The United States Federal Reserve reported on Sunday that they are working in tandem with five other international central banks to ensure that there are enough dollars on hand to address any funding issues in the global financial system during the ongoing banking crisis in the U.S. and Europe. This announcement came the same day when UBS declared its purchase of Credit Suisse for over three billion dollars.
Along with the announcement made the Fed stated that, “To improve the swap lines’ effectiveness in providing U.S. dollar funding, the central banks currently offering U.S. dollar operations have agreed to increase the frequency of seven-day maturity operations from weekly to daily.”
In order to improve the supply of liquidity through the ongoing arrangements for US dollar exchange lines, the five banks who joined hands include major powers like the Swiss National Bank European Central Bank, the Bank of Canada, the Bank of England, and the Bank of Japan. To avoid an unmanageable bank failure and as doubts about financial instability on both sides of the Atlantic grew, Swiss officials mediated the agreement.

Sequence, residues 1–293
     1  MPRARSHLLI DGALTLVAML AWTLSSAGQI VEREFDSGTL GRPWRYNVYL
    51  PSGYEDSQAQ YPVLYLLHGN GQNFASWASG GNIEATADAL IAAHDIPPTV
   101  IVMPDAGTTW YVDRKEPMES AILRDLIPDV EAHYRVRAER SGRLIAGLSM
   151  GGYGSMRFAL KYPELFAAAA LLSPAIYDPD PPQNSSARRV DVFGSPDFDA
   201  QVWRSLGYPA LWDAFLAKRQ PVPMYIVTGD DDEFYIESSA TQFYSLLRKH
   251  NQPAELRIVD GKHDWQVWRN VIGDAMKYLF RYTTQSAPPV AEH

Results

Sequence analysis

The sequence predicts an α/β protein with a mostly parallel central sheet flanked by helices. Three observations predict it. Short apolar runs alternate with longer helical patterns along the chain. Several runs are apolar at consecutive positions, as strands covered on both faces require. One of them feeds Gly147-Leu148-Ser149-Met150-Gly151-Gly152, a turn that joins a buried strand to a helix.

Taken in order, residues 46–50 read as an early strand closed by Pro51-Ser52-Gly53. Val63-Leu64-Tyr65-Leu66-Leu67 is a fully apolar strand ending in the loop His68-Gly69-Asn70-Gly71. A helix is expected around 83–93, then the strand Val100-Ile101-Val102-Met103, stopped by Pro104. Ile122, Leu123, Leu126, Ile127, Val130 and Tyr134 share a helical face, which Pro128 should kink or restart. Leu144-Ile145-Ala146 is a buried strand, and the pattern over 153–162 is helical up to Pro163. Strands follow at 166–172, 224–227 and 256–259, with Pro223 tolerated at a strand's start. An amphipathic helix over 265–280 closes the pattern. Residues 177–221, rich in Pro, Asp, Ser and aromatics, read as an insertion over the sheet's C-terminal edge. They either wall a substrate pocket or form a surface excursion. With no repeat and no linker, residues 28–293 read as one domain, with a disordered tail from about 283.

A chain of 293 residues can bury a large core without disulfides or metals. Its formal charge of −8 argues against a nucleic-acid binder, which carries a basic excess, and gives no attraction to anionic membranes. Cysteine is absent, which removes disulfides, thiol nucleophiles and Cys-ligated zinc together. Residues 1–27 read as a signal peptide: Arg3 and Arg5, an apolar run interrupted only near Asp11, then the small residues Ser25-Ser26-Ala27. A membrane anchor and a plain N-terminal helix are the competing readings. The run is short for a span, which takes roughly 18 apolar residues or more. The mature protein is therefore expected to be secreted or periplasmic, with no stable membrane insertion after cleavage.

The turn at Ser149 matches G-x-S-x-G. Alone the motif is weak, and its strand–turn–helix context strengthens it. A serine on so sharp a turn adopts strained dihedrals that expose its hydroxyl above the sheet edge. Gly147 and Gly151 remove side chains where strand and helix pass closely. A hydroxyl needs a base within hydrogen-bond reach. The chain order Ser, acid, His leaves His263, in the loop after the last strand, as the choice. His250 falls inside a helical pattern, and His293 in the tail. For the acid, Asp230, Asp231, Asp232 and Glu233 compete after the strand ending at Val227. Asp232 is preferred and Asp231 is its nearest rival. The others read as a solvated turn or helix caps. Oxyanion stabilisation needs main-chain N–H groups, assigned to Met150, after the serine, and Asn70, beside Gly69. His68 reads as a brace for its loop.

A similar swap-lines strategy was adopted during the COVID 19 crisis in 2020 and during the 2007-2008 global financial crisis in order to create an easier accessibility to funds. The Fed announced that operations will start on Monday and last at least until the end of April.
Though the move came in between a lot of ongoing criticisms for the U.S. banking system following the collapse of the Silicon Valley Bank and the Signature Bank, the Federal Reserve did not associate the move with these recent incidents. However, they stated their goal that, “The network of swap lines among these central banks is a set of available standing facilities and serves as an important liquidity backstop to ease strains in global funding markets, thereby helping to mitigate the effects of such strains on the supply of credit to households and businesses.”
The Federal Reserve established a $25 billion funding programme last week to make sure banks have enough liquidity to meet client requests in the face of challenging market circumstances. With the ongoing collapse of the market, a new report has claimed that around another 186 banks are predicted to see doom due to the rising rates.